‘Walkies, legionella’, ‘heel, legionella’, interesting thoughts to have with the title ‘Legionella Training’. Sadly, we’re not able to train legionella to behave in a certain way: now that would be amazing if we could ‘Out, damned spot*’ [*legionella] [Macbeth, act 5, scene 1].
Hopefully this article will be able to provide a more practical understanding when it comes to training in legionella. It is perhaps worth starting with the notion that ‘legionella courses’ have been around for decades, the requirement for suitable and sufficient training is a must in order to comply with regulations [Management of Health and Safety at Work Regulations; COSHH Regulations] and guidance documents [HSE ACOP L8; HSG274 Parts 1, 2, 3; HTM04-01, SHTM04-01 and WHTM04-01]. Over time, all documentation has been updated and knowledge of legionella [including other waterborne pathogens, i.e. Pseudomonas aeruginosa] has increased. Needless to say, ‘legionella awareness’ needs to have evolved so that it
“provides employees with suitable and sufficient information, instruction….” [HSE ACOP L8, 4th edition (2014)].
This article will look at why training is needed, the importance of identifying who needs to be trained, what type of training based on their role and responsibilities and when training is to be completed.
The importance of training is a good question to ask! The reality being, how often do you hear about cases or outbreaks of ‘legionellosis’ [the term used to describe any illness caused by exposure to legionella] being reported in the news, either on the TV, radio or printed media? The fact is you hear about cases or outbreaks very rarely, they are deemed not interesting enough compared to a global pandemic, Brexit or the ‘goings on’ of a President!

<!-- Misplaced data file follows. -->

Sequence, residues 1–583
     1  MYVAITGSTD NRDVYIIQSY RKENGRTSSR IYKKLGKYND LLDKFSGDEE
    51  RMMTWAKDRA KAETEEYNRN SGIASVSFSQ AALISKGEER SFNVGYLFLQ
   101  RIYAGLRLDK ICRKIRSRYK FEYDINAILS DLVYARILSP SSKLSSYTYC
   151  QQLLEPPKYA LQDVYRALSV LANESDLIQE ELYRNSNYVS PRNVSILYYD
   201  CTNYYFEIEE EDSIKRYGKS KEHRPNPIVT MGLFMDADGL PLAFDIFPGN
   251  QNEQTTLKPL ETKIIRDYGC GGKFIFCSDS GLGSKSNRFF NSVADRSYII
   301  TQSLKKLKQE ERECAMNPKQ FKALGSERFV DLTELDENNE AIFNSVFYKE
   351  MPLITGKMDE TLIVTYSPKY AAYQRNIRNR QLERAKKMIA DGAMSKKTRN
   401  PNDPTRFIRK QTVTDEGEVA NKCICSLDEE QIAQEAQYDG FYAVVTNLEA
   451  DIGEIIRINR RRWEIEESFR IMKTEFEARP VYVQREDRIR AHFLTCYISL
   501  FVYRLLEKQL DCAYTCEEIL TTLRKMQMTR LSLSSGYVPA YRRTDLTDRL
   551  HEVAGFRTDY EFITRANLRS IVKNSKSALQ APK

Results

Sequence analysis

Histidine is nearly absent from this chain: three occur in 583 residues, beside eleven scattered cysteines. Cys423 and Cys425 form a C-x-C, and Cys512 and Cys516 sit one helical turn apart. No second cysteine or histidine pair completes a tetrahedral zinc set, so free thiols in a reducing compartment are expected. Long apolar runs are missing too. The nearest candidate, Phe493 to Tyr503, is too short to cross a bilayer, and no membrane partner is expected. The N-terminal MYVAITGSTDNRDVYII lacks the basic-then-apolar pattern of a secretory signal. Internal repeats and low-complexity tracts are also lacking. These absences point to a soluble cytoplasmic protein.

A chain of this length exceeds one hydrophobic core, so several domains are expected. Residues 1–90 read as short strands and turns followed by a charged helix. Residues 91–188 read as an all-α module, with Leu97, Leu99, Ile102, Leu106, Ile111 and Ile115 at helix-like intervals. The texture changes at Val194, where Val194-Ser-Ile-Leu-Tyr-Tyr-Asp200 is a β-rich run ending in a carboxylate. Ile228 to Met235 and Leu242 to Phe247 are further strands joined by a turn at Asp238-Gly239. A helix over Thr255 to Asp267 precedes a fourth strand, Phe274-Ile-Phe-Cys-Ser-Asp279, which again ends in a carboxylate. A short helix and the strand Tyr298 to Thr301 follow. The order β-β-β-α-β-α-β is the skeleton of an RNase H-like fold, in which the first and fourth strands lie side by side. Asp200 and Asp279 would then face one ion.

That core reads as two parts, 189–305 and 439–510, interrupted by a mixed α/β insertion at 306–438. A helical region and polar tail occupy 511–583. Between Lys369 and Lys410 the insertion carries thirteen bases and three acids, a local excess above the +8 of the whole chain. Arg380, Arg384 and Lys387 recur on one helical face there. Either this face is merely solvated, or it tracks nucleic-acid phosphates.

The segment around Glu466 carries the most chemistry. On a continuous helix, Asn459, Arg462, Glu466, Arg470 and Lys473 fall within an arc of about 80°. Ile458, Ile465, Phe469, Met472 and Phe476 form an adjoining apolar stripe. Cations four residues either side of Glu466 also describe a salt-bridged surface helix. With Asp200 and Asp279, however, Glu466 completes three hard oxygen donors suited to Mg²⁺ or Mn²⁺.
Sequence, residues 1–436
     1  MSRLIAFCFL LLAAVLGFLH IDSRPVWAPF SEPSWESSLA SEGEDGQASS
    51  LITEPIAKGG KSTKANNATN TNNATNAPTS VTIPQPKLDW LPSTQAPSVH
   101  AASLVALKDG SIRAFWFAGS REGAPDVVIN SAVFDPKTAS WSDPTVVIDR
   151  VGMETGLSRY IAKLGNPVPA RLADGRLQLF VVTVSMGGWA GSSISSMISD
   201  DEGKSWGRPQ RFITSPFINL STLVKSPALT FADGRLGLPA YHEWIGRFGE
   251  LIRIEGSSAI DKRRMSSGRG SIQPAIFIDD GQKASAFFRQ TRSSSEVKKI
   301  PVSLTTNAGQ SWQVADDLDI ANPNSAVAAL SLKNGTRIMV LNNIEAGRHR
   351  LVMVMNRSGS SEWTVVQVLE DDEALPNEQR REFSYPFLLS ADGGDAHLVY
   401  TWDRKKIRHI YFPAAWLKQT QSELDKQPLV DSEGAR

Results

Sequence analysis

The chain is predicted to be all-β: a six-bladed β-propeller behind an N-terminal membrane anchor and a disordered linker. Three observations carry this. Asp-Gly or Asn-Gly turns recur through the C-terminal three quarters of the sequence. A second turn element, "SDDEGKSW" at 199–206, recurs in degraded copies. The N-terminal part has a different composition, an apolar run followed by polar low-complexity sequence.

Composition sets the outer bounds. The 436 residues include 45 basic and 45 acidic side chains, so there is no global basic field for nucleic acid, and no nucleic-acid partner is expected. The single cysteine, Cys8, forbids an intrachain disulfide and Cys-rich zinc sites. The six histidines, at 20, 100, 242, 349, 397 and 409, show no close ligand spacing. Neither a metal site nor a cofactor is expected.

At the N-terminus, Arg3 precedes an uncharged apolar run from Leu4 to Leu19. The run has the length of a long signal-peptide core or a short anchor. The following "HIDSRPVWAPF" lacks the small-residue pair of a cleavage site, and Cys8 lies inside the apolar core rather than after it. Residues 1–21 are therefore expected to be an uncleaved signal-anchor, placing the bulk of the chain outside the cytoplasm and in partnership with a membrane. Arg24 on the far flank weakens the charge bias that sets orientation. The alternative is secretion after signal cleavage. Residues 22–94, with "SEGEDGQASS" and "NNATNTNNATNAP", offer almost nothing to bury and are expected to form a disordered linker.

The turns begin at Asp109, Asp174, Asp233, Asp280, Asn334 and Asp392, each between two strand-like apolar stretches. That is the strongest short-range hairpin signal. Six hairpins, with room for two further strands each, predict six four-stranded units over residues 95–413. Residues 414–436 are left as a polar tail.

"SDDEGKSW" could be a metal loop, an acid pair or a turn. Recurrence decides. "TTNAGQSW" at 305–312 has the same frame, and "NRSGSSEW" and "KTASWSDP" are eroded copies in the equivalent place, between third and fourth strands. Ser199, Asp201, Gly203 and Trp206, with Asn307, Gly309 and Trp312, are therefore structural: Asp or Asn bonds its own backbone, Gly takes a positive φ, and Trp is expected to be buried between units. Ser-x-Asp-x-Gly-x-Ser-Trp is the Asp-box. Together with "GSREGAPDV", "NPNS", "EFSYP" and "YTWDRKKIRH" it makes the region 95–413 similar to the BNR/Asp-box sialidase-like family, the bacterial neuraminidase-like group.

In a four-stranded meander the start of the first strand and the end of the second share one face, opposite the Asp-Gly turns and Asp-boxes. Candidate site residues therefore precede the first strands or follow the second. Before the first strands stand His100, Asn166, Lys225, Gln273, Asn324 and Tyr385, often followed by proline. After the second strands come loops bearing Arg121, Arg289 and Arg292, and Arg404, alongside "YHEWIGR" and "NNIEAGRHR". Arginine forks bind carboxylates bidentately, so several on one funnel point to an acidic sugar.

That’s not to say cases or outbreaks are not occurring! Public Health England monitor and report on cases of legionnaires’ disease on a monthly basis [that said, throughout 2020 only two reports were produced due to the pandemic, whereas previous years there have been regular monthly reports]. These reports identify the sources of cases as:
The latest data PHE published in October 2020 details the number and proportion (%) of confirmed cases of Legionellosis by category of exposure for cases with symptom onset from 1 January to 31 October 2020:
(Source: PHE, October 2020.)
"The HSE have detailed in the ACoP L8:
“Inadequate management, lack of training and poor communication are all contributory factors in outbreaks of legionnaires’ disease.”
Although we don’t get to hear about all these cases and outbreaks of Legionnaires’ disease, they are occurring and occasionally do make the headlines. The largest outbreak of Legionnaires’ disease in the UK occurred in Barrow-in-Furness, August 2002 with 180 cases and seven deaths. The HSE investigation into the outbreak identified six failings, one of which related to training standards, more so the lack of training for key staff at the Council.
More recent outbreaks reported include, Bournemouth, June 2019, at a spa where 39 patrons reported symptoms and nine patrons were admitted to hospital for treatment. In October 2013 a confirmed case of Legionnaires’ disease was reported to Harlow Council, whereby the Environmental Health Officers were unable to confirm the effected employee had contracted this from the site at which he worked. Although, they did find a “serious lack of compliance” including staff receiving inadequate training in legionella. The employer was fined £1.8m.
Read more in the blog - " Legionella - The Need for Sufficient Water Hygiene Training"
Further legionella training [and water safety] is more than likely going to be needed. The risk of legionella [and other waterborne pathogens] is one that needs continual management within an organisation.
SHTM04-01 Part B para 5.2 provides an overview for the need for ongoing training:
“The rate of change in building service technology is not great, but knowledge of harmful bacteria continues to grow and management should review the competence of staff on a regular basis, and refresher training should be given; records of training attendance would need to be maintained.”